- Mood swings
- Morning sickness
- Urinary issues
- Lower back pain
Back Pain CausesPain can occur at any trimester, but it usually arises in the later months as the baby and belly grow. Pain can be mild to severe and usually happens in the lower back. There does not have to be pre-existing back problems. Pregnancy itself changes the body in ways that can lead to back pain. Example: As the uterus gets heavier, there is the added strain placed on the back muscles. This can alter proper posture and cause discomfort/pain. Pregnancy changes the center of gravity and accentuates the spine’s curve in the lower back. When the abdominal muscles and core are weak and not strong enough, the changes of the curvature worsen since it is these muscles that stabilize the back. When pregnant, the body releases a hormone called relaxin that loosens ligaments, which is the tissue that connects the bones to each other inside the pelvis. The ligament loosening can affect back support and be a cause for pain. Other reasons women experience pregnancy back pain include:
- Poor posture
- Standing for too long
Tips for ReliefThere are ways to ease pregnancy back pain without medical intervention. Here’s how:
Pay Attention to PostureWhen standing up, make sure to stand straight with the shoulders held back. If you must remain standing for a long time, elevate one foot on a box, chair, or stool to relieve the pressure on the spine. Try to avoid standing for long periods. Remember to take regular breaks and get off your feet. Maintain proper posture when sitting, as well.
Utilize an Ergonomic ChairBoth at home and at work that offers plenty of support for the back. Also, a small cushion or pillow placed behind the lower back, along with a stool or footrest for elevating the feet can be highly beneficial.
Proper LiftingOf course, do not lift heavy objects, and avoid bending at the waist to pick up items off the floor. Instead squat, bend the knees, and lift with the legs, not with the back.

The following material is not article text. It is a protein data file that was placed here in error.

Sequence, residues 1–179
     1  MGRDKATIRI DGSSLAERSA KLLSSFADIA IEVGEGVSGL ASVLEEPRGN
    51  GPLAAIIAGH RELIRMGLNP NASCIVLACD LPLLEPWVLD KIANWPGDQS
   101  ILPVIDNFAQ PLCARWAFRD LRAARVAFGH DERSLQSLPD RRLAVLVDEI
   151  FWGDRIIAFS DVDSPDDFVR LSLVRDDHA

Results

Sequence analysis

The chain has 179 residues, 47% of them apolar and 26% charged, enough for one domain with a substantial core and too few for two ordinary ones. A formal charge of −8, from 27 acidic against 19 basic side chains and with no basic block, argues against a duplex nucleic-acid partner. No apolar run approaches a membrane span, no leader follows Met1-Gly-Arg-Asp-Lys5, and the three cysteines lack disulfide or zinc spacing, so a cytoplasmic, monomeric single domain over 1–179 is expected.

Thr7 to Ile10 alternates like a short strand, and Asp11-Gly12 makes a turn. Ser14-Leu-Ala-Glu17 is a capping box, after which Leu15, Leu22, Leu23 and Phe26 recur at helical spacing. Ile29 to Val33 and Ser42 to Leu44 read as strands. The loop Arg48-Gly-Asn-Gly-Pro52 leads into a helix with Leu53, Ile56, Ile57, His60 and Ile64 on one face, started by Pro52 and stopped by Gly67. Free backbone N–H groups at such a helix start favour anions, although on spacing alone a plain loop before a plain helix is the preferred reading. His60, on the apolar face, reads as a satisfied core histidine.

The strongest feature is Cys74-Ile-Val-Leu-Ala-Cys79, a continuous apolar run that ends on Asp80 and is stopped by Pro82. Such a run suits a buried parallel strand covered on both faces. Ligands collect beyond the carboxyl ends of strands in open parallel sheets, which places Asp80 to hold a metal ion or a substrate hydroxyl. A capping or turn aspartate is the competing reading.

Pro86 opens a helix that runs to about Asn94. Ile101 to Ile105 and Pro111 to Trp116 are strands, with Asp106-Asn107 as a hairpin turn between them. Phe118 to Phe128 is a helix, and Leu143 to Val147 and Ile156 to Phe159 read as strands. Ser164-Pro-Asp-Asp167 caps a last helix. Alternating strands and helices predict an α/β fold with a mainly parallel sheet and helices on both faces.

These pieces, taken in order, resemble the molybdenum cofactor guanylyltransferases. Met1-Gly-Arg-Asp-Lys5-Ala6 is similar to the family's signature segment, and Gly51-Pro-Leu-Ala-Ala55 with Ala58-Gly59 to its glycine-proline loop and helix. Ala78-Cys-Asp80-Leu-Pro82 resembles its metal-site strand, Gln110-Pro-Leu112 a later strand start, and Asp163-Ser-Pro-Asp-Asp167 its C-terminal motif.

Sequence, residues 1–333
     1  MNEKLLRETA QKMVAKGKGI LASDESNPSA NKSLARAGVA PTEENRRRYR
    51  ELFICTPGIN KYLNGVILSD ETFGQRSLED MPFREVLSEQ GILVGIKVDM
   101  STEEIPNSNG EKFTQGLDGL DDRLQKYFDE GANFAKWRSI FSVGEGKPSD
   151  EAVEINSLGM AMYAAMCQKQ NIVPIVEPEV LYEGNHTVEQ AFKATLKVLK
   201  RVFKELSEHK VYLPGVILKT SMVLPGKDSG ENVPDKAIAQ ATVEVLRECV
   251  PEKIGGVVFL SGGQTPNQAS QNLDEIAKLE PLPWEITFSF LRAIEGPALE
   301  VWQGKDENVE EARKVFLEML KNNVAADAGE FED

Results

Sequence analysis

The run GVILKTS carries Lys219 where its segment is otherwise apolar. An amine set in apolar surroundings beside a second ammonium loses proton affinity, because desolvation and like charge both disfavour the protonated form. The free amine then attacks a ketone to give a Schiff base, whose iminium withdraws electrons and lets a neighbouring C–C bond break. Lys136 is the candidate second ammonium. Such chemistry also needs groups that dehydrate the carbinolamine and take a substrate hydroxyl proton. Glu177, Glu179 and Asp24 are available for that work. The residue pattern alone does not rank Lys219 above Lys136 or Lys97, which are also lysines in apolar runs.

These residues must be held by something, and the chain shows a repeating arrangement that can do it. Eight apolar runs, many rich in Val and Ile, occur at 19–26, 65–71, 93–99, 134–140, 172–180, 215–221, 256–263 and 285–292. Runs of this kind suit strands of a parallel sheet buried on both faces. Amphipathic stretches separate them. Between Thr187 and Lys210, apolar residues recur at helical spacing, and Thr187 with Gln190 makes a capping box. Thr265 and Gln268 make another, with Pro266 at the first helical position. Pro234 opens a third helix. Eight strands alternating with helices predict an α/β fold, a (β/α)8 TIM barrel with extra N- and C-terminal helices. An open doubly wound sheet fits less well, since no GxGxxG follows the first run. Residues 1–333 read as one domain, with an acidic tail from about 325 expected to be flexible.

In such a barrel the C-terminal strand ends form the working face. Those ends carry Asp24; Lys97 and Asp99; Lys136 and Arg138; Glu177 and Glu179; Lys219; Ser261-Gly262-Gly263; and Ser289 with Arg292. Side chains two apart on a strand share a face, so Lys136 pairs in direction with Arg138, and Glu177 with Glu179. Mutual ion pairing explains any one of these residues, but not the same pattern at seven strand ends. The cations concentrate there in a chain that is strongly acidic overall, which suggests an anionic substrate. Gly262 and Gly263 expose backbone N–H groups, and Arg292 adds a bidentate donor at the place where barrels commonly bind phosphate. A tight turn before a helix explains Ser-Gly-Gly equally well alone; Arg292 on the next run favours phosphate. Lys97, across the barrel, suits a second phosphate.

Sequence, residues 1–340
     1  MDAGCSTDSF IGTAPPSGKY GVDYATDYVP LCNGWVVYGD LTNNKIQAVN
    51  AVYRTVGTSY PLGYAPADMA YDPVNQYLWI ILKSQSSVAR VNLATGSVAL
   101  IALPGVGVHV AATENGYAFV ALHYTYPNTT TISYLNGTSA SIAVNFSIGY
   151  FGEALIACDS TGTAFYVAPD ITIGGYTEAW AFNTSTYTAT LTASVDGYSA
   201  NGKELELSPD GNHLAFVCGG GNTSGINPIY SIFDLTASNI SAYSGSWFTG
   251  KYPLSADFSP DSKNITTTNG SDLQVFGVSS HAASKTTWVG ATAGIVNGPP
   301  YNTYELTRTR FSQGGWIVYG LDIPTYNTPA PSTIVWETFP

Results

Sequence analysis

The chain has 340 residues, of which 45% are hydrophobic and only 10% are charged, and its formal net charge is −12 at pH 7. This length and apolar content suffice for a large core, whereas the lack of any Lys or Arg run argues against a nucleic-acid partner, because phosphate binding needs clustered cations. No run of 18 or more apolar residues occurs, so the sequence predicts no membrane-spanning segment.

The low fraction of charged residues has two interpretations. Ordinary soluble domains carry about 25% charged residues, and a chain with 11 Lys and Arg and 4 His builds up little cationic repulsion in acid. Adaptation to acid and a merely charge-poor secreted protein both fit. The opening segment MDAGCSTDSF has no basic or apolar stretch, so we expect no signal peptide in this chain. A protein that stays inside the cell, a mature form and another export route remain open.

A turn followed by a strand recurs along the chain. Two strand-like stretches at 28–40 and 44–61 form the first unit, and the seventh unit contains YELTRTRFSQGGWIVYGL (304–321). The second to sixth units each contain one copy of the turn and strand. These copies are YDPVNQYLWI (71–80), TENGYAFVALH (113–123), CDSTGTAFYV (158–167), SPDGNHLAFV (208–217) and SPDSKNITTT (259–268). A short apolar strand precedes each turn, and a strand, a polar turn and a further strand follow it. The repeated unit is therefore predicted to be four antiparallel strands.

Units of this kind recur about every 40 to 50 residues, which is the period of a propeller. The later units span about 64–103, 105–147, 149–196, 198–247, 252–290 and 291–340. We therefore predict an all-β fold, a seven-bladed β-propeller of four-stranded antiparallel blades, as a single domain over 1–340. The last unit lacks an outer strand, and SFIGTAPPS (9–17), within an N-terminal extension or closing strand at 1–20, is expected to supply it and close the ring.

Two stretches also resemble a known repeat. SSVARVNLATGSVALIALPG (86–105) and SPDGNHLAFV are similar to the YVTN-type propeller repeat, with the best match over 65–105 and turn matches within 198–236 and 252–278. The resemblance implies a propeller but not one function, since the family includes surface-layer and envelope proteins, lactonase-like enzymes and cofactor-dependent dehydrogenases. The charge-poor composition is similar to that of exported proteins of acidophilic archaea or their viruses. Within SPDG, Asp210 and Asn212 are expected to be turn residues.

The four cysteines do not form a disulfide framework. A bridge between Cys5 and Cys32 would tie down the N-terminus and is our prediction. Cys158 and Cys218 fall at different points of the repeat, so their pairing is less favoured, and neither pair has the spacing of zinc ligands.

ExerciseThe best time to start an exercise regiment is before conception. Regular physical activity/exercise can help prevent and ease back pain, along with all of the other benefits. Doing simple exercises before getting pregnant can improve core strength, which can go a long way. Try to get as close as possible to a healthy weight before getting pregnant. This has the added benefit of reducing pregnancy risks and cesarean delivery.
- Prenatal yoga
Exercise ClothesWear comfortable, spine supportive shoes. High heels should be removed altogether and take caution with flats, as these can and do often lack arch support. Shoe inserts/orthotics can help. Maternity support belts for back pain relief can also be an added tool. Currently, there is not a great deal of scientific proof that they work. But many women swear by them when they were pregnant.
Sleep AdjustmentsTry sleeping on one side with the knees bent, along with a pillow between the knees or under the abdomen. Another possibility is using a firmer mattress. This can support the back better than a soft sinking mattress. If a firm mattress is not possible, consider placing a stiff board under the mattress for added firmness. Take naps, making sure to get the proper sleep that the body needs. This is especially true as the later weeks of pregnancy approach. This is easier said than done, but a warm bath can help the body relax before bed.
Complementary practicesSome women have found alternative medical approaches like acupuncture and prenatal massage to be quite helpful in easing pregnancy back pain. Before trying it out talk to your OB/GYN. Once discussed, you can decide if it’s a healthy choice. Make sure the masseuse or alternative practitioner has experience working with pregnant women.
Pain MedsPregnancy back pain is a leading cause of opioid prescriptions. When it comes to medication, a critical issue is the potential for opioid abuse. There are some over-the-counter meds that can help ease back pain. However, Non-steroidal anti-inflammatory drugs or NSAIDs have been linked to pregnancy complications, and most doctors recommend not using them. Instead, try acetaminophen, which is just as effective and safe during pregnancy. Using hot and cold compresses and pain relief creams/ointments can also help. Pregnant women should always speak with a healthcare provider before starting any medication.
Medical Help for Pregnancy Back PainDuring pregnancy, some back pain is normal. When there is severe pain, sudden pain, or pain that lasts longer than two weeks this could be a sign of a more serious condition. It could be an indication of preterm labor, a urinary tract infection, or kidney stones. Call a doctor if you experience any of the following:
- Back pain that does not get better/improve
- Back pain on one side of the body
- Back pain along with weakness in one or both legs
- Rhythmic back pain/s
- Accompanied back pain with vaginal bleeding, fever, urinary burning or change in vaginal discharge
- Suddenly unable to walk due to pain or weakness
- Lose feeling in the back, legs, buttocks, and pelvis
- Numbness could be the sign of a compressed nerve